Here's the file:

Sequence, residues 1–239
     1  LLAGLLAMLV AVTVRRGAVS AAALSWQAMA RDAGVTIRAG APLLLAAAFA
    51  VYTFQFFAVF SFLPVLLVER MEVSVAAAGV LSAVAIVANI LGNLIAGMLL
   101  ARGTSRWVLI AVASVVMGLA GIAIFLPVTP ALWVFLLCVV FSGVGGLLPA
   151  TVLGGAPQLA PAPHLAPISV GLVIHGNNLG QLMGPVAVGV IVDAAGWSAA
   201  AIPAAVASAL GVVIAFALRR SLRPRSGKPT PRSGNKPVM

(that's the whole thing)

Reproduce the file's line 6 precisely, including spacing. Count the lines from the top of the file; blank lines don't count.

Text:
   201  AIPAAVASAL GVVIAFALRR SLRPRSGKPT PRSGNKPVM